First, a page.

Because of My Examples

Jackson Nowatzke faced a significant challenge his sophomore year on the football field. It was the first game of the season, and while playing on the JV squad, the young quarterback suffered an injury. Just before half time hit, Jackson snapped his tibia, resulting in a painful leg break. Undoubtedly, devastation set in. “Not being able to make it through the first half, of the first game, was really hard on me,” Jackson says. “I was real disappointed that I missed the whole season and couldn’t play.”

Snow Canyon Class of 2016 Football & Basketball 4.0GPA

Jackson’s mother, Heidi, admits the injury left her son with a long road ahead. “He had a good attitude, but it was hard. It was a long recovery for him too. He was faced with all sorts of questions. Surgery? Is he going to be out for baseball too? In that moment, you just start looking at all of the things that will be affected.”

The injury came so early in the season, and Jackson explained his feelings watching his teammates play without him. “You want to help in any way you can. It’s hard when you can’t play.” However, this injured quarterback looked to maintain a positive perspective. “You want to still try to motivate your team the best you can. You try to pump them up and make sure they know you believe in them. When it comes down to it, you just find a way to help your team the best you can.”

“I just need to make sure I am working everyday to become an even better person overall.“

Now healthy and approaching his senior year, Jackson looks to take a leadership role on the field, and he knows that preparation is vital. “I will always get in an extra 30-45 minutes before practice for those extra reps I feel I need. Whether it’s hand-offs with running backs, snaps with centers, routes with wide receivers; it’s the light pre-practices that help make the difference.”

Being the oldest of five boys, Jackson knows he has more than a few sets of eyes looking up to him. “I definitely think about my brothers when I’m playing. I try to show them what it really means to work hard and be a leader, not just on, but off the field. Also in the classroom and in public, I try to set a good example.”

Jackson’s mother Heidi gives her insight on the family role of her oldest son. “We really rely on him a lot to help out with his younger brothers. He is so great with them and is such a good example for them, which I am grateful for. I am so proud of who he is, he is amazing.”

“Keeping my grades up is very important to me, and my mom helps me out a lot,“ Jackson shares. “She’s constantly checking my grades to make sure I am where I am supposed to be.” Jackson gives his mother, and her support, a great deal of credit for his ability in maintaining a 4.0 GPA. “Sometimes it can get stressful, and there are days where I don’t feel I can get everything done. But she has helped me learn to push through it. Some nights I know I will be up ‘til midnight, or sometimes later, and that can get tiring and hard, but as long as I have a good schedule it’s not extremely difficult.” Following a complete day of studies at school, a full practice on the field, and chores at home, Jackson generally has 2-4 hours of AP homework each day. However, he has learned to effectively balance his time and take advantage of each moment he has available.

Jackson loves to be out among his brothers, friends, and teammates, either hiking, swimming, or bowling (he and some of his fellow teammates enjoy playing in local bowling leagues). “I don’t think anyone would bowl above a 120, but we would still have fun.” This young man also plays the piano, an activity his mother highly values. She says, “I feel like it helps round everything out, since kids can be so focused on sports.”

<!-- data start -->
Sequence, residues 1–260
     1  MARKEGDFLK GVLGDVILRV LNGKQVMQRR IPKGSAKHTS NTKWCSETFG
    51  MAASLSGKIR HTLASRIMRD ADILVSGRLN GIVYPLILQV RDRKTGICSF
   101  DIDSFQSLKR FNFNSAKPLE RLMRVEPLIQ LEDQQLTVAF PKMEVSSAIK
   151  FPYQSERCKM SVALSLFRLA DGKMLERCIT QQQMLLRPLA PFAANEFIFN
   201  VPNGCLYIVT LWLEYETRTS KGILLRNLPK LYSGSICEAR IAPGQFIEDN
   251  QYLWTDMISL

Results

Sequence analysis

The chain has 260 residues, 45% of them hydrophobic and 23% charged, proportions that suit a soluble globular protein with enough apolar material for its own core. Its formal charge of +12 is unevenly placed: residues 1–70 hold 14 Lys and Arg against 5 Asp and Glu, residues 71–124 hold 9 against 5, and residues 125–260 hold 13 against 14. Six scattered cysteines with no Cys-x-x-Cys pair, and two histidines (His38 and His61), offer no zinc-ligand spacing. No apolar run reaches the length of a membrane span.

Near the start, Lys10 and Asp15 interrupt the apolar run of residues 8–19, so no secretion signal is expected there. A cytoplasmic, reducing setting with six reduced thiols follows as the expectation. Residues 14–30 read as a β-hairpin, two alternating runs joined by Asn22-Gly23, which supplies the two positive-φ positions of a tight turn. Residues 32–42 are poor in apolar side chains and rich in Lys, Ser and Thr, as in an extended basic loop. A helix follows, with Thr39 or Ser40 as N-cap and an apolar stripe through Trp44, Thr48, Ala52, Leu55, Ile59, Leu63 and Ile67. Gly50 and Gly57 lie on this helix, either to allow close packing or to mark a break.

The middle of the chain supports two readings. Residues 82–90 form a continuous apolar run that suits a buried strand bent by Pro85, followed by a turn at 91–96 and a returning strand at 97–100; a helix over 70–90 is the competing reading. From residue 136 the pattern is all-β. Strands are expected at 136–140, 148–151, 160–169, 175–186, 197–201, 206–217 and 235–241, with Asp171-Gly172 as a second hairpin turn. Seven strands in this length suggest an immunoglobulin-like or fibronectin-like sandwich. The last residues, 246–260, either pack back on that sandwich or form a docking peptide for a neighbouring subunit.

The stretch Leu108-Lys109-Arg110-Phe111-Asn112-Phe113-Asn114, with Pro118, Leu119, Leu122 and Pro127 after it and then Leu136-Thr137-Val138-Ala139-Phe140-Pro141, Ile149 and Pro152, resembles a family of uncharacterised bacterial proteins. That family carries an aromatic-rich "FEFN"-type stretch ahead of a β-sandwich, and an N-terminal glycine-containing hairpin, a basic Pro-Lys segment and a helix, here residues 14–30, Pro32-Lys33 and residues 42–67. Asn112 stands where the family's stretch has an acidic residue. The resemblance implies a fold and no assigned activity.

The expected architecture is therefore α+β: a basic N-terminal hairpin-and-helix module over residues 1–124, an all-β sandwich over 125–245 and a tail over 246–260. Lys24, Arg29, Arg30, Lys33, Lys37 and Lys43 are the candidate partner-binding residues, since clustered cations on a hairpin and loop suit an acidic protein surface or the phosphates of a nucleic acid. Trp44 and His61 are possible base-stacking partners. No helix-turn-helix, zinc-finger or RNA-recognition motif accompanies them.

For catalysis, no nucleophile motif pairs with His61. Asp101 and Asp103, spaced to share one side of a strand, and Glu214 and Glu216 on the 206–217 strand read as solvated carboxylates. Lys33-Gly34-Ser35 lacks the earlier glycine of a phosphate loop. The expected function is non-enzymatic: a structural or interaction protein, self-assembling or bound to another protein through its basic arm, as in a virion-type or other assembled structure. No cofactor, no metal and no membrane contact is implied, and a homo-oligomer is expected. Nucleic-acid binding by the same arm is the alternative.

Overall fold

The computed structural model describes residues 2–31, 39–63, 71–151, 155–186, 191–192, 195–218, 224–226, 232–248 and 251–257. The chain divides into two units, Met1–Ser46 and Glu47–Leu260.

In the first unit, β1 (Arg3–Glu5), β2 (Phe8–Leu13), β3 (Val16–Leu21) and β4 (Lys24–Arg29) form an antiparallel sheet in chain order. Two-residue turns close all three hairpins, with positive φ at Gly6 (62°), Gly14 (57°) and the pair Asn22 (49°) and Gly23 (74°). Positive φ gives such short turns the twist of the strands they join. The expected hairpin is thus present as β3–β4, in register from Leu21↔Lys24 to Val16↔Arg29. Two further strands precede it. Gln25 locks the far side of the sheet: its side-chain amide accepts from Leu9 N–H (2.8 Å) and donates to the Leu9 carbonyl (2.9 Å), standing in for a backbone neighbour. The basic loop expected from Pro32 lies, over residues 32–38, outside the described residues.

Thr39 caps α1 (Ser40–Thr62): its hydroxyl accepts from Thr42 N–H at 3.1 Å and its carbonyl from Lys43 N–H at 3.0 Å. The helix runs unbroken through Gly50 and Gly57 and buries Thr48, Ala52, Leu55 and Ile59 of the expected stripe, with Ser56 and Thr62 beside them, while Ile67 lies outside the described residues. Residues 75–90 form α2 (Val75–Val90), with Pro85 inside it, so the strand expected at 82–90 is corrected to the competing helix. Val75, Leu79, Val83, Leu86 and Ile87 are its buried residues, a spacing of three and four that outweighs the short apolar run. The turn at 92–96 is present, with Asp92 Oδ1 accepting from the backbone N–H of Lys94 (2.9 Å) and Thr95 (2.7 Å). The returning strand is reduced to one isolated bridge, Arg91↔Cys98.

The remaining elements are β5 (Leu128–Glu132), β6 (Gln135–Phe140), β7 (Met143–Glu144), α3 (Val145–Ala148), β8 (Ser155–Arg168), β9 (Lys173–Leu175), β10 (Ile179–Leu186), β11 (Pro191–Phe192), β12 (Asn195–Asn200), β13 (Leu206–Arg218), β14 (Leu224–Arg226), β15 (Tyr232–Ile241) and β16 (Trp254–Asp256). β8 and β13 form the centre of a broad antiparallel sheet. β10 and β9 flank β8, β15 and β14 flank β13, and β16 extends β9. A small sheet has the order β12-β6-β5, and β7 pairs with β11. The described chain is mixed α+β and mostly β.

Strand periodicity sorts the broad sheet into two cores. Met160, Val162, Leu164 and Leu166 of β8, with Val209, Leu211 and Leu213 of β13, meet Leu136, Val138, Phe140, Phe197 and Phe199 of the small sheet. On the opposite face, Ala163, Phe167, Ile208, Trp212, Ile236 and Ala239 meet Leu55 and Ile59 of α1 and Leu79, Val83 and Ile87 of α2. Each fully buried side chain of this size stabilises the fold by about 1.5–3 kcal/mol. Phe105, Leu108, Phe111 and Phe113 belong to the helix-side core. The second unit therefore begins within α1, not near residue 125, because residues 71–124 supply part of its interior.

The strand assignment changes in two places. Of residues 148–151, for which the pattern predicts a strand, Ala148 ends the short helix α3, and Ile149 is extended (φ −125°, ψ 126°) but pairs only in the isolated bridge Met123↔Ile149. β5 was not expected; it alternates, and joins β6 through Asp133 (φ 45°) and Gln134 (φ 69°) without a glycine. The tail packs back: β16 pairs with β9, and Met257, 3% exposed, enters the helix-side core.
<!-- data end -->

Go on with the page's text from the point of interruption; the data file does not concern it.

Jackson points to his father, Tim, as his greatest sports mentor. Tim played wide receiver for the Cougars at BYU, and he teaches his son exactly how receivers want to get the ball. When Jackson is a bit “off” on his passing, his dad is always there to help him. “It puts a different kind of pressure on me, but I am glad to be able to learn so much from him.” Jackson continues, “He is such a great example to me of hard work. He is one of the biggest catalysts in my life, with school and sports, and always making sure I maintain good character.”

“The life lessons you learn from your coaches and through sports can really help you later on in life,” Jackson explains. “The dedication, hard work, effort, and your attitude and response to adversity; I’ve seen it work in my life. Sports help to build character. It affects every area of your life.” Jackson knows he has a tremendous responsibility to himself, his family, coaches, teammates, and school, to be his very best with everything he does. “I just need to make sure I am working everyday to become an even better person overall.”

Jackson reflects on one of his fellow teammates and greatest examples, Britton Shipp. He shares the power behind his dear friend’s example of resilience. “Britton is such a great example to me of working hard and fighting through hard times. I have never gone through anything close to what he has had to, and to see him fight through it all is incredible. That, and how amazing it was to see the community as a whole, rally around him. We were no longer Snow Canyon, or Dixie, or Desert Hills. We were a community of people that came together for one great cause. That taught me so much.”

Intending to serve an LDS mission for his faith, Jackson says he hopes to have the opportunity to serve on the east coast. However, should his call take him further from home, he would love to end up, “somewhere in Europe. That would be really fun to serve my church someplace like that.”

With all he has learned participating in school, sports, his parents, teachers, and coaches, Jackson is certainly a wonderful illustration of the power of example. • HSSI